St Martin’s Islanders Unhappy At ‘Appalling’ BT Customer Service

telephone box st martinsBT says they don’t know when all St Martin’s residents will have their phone service restored.

Islanders have been without the ability to make calls since Friday because there’s no dial tone when they pick up their handsets.

There’s varying opinion on the scale of the problem.

BT’s press office claim that only six users are without service, but their biggest customer on the island, Churchtown Farm’s Ben Julian, believes that most St Martin’s numbers are out-of-action.

And BT is being slated for their poor customer service.

Ben says he pays for a BT contract that recognises the importance of restoring their eight phone lines to his business. But despite their service level agreement, BT has not contacted Churchtown Farm to explain how they will be rectifying the fault.

Ben says the priority service level that they pay for doesn’t seem to mean much on an off-island.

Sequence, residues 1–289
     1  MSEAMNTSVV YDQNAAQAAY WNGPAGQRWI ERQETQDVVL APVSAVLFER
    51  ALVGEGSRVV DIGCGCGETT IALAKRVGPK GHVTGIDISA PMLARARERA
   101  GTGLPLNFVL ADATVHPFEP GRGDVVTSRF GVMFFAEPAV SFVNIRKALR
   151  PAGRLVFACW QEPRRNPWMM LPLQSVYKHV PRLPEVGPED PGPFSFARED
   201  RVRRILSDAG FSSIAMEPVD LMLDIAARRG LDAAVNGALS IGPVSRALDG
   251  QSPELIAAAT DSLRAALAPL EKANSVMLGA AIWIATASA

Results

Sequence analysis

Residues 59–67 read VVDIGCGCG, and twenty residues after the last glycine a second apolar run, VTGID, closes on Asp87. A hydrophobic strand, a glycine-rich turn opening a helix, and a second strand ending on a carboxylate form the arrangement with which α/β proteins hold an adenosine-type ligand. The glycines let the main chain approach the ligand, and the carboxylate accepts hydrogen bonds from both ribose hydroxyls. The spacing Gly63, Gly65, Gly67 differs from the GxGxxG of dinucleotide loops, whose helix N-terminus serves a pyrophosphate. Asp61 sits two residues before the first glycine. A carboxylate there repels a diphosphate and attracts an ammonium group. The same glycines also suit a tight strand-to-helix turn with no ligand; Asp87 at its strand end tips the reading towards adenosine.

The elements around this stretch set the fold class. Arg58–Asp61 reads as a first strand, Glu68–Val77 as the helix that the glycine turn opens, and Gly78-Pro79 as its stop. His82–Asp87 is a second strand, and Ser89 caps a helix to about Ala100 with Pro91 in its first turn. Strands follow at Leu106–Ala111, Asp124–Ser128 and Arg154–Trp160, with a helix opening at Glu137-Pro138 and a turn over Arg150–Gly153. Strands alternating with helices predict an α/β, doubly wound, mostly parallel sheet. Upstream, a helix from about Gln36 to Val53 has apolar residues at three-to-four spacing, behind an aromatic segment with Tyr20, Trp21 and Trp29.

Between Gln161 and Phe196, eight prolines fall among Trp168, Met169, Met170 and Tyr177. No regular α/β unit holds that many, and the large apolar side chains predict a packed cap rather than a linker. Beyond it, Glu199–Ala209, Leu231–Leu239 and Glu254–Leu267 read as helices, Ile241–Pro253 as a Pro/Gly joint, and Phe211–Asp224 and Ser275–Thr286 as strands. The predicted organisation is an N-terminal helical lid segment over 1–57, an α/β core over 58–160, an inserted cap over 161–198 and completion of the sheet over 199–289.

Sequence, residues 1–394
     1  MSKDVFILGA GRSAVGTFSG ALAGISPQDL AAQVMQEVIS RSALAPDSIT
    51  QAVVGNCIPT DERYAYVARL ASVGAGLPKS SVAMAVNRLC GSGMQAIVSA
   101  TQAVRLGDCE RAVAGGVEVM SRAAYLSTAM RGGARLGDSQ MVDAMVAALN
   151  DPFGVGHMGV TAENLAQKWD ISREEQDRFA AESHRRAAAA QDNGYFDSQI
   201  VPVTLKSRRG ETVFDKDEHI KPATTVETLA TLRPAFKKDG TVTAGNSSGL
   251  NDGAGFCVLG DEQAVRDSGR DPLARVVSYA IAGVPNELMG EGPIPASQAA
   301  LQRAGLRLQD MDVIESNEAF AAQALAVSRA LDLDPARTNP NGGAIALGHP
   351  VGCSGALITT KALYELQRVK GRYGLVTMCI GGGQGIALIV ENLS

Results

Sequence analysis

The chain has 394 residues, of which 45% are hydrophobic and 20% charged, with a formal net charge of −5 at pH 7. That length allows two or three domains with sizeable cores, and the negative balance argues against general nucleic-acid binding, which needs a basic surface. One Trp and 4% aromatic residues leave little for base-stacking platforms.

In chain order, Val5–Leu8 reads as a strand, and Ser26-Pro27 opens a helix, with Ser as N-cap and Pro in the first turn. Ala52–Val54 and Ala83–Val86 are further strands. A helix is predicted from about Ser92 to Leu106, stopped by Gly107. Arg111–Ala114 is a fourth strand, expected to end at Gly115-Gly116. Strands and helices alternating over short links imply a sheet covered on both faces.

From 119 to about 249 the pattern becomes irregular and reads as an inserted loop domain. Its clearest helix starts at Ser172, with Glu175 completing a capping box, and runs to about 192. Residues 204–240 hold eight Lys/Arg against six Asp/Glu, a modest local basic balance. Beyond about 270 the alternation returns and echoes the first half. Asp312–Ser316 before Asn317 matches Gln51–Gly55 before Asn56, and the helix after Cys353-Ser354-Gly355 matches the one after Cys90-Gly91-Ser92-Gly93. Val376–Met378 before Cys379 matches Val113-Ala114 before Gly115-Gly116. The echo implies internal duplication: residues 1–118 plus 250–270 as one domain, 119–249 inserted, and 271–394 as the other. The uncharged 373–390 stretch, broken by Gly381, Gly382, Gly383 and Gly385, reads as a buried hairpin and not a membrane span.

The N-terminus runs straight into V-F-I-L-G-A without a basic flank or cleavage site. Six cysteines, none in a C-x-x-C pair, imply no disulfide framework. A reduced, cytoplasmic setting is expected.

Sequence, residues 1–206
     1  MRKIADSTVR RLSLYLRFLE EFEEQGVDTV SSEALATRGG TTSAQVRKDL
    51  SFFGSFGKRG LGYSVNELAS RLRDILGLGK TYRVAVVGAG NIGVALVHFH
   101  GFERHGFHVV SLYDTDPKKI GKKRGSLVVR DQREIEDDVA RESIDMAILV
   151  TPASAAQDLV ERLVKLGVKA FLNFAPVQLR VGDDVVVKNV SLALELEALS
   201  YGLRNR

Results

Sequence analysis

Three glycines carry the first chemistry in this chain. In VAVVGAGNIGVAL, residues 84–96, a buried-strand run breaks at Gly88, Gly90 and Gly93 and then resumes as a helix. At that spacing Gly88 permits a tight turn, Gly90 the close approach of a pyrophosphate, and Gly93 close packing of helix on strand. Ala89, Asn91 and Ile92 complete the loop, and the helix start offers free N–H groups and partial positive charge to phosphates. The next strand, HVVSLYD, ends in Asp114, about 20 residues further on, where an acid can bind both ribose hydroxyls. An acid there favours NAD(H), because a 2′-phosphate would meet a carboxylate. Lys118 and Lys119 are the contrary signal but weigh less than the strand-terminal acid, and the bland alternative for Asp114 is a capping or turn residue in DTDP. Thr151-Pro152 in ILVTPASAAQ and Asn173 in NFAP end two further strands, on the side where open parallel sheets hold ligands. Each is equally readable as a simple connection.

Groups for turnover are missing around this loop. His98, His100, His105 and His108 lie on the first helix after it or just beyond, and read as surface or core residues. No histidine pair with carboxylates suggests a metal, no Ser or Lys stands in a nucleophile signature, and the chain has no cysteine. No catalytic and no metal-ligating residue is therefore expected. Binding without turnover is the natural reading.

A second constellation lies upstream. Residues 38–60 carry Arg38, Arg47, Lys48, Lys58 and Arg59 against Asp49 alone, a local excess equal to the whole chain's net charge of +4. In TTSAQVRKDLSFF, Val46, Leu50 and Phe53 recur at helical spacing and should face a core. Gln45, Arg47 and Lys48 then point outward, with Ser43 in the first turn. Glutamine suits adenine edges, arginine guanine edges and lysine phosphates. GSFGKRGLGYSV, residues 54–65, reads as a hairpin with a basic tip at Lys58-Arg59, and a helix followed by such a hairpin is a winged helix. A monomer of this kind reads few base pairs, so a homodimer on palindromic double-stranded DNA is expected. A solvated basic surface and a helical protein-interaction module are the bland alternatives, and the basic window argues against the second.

Luckily, Churchtown Farm has its own contingency plans for call handling for Scent from the Islands that doesn’t rely on landlines.

Jen Frank, the Sub-Postmaster at St Martin’s Post Office, says she left her mobile number with BT over the weekend but nobody has called her back.

Both Jen and Ben have internet access and Jen says Post Office card payments are working as is her fax machine, but her suppliers have been unable to contact her.

Ben understands that part of the problem is that the islands’ engineer is on holiday. He says there are very few other staff in the country who understand the technology used to deliver telephony over the microwave link to St Martin’s. And he says he’s relieved this hasn’t happened in December, the flower farm’s busiest period.

Jen says she just wants the service back on and even though diverting calls to mobiles will cost her extra money, she feels complaining to BT and asking for compensation will be pointless.

BT’s level of communication with customers hasn’t impressed some islanders recently.

Last month BT’s repeated explanation that the unworkably slow internet access was due to visitor usage was met with derision after engineers revealed that an exchange fault was really to blame.